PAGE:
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Improving Cochlear Implants
by Melissa Lee Phillips
Experiencing the limitations of his own cochlear implant inspired Chad Ruffin to better the device.
Cochlear implants have helped bring profoundly deaf individuals into the hearing world, but one HHMI fellow says the technology needs improvement. Chad Ruffin says users have a tough time understanding speech in noisy environments, largely because today's implants transmit almost no information about pitch—the tone that allows the hearer to distinguish one sound from another, as in picking one voice out of the din. Ruffin knows firsthand; he received an implant 6 years ago.
He hopes to correct the limitations of cochlear implants through his research. An HHMI medical research training fellow at the Virginia Merrill Bloedel Hearing Research Center at the University of Washington in Seattle, Ruffin is studying how cochlear implants can be programmed to transmit more information on frequency, thereby enabling the user to discriminate between the pitch of different voices.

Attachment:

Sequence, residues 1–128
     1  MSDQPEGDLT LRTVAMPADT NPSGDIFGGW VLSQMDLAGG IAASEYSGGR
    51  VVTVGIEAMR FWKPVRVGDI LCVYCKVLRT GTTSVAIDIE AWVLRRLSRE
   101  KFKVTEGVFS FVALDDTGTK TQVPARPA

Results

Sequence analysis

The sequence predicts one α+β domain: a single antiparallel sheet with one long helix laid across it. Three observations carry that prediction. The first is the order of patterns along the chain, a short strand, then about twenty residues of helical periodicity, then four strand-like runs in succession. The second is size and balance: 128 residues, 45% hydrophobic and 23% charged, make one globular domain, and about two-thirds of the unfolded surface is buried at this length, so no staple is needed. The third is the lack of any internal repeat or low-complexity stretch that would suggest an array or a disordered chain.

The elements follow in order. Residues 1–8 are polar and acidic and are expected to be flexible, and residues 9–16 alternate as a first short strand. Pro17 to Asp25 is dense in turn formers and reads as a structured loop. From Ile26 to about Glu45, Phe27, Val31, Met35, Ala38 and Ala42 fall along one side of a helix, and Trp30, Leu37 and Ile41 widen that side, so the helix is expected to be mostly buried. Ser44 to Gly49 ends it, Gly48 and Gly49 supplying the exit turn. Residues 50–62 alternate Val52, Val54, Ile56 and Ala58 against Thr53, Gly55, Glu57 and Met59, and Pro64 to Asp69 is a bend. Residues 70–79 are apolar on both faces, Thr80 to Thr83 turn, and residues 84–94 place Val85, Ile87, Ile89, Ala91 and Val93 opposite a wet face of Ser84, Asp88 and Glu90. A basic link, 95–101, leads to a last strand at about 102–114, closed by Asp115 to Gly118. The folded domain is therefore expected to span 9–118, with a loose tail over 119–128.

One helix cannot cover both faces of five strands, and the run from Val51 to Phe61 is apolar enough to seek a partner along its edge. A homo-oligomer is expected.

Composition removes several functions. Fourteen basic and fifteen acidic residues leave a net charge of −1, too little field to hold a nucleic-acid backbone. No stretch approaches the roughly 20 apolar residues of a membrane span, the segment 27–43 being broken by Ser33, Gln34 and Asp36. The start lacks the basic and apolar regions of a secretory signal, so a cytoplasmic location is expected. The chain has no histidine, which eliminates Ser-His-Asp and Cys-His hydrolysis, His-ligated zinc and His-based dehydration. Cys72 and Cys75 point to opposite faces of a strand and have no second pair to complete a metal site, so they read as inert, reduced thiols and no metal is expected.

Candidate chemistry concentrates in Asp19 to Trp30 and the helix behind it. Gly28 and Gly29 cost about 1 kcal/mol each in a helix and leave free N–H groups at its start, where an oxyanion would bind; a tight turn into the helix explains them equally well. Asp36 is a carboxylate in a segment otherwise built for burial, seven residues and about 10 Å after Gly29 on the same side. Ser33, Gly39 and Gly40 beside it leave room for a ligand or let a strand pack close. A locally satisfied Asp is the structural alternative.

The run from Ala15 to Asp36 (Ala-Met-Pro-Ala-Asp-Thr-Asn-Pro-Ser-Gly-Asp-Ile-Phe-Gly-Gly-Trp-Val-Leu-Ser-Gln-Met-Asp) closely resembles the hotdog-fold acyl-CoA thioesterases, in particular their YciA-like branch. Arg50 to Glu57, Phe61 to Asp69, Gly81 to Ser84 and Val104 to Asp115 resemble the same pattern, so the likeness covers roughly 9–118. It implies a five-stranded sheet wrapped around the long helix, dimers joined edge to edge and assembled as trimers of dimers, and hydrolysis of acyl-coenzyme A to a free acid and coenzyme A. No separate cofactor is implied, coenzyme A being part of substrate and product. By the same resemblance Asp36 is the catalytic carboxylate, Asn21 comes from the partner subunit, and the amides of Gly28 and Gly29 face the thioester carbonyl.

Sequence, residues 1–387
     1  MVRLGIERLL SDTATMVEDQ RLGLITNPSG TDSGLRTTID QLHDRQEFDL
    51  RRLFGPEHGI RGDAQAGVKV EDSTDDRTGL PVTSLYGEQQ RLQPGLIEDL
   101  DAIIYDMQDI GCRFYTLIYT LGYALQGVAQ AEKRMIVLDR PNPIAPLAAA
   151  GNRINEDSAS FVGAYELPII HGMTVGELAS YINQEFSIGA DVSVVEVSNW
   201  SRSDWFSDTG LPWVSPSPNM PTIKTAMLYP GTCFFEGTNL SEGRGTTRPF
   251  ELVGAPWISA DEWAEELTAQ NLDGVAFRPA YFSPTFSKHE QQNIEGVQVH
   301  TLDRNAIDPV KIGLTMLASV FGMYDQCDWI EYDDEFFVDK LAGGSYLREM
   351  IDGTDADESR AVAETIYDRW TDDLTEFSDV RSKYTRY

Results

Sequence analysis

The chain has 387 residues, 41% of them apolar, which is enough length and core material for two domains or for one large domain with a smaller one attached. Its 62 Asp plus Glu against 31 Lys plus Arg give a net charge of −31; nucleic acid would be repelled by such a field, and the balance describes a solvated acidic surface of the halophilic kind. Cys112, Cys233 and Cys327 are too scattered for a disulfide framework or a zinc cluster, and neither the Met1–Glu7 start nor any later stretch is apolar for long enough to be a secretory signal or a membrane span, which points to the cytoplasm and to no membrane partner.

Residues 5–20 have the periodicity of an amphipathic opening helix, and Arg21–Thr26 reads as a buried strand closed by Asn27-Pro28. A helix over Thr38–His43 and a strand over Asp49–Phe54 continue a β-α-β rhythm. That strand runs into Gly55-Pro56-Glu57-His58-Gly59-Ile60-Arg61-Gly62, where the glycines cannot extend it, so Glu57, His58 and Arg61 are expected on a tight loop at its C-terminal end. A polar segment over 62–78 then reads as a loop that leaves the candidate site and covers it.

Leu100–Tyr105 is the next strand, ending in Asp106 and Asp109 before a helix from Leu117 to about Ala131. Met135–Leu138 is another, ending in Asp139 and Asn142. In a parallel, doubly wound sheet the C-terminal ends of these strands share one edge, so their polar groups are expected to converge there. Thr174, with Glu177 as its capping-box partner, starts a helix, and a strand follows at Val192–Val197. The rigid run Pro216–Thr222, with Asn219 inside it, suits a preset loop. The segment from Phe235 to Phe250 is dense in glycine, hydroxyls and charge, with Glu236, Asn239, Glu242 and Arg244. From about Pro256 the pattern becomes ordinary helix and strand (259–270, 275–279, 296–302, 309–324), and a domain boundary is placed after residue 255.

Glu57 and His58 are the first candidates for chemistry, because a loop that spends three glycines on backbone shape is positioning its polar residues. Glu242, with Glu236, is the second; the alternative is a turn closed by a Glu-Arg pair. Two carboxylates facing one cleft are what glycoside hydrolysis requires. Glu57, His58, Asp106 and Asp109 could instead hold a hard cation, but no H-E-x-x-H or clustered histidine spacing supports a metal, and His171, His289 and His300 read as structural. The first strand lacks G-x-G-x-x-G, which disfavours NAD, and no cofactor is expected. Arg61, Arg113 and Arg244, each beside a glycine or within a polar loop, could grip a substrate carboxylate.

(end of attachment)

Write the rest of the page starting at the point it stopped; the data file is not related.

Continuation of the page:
Each implant contains a tiny computer that receives sound information from the environment and then uses speech-processing programs to relay this information—or at least some of it—to the brain. Current speech processors rely almost entirely on the intensity of sounds within a few frequency bands; that is, they are sensitive mainly to the changes in amplitude in a series of spoken syllables or words. Although this feature gives "good speech perception in the quiet," Ruffin says, "if you start to add complex sounds, such as music or noise, the perception goes down dramatically."
Photo: Brian Smale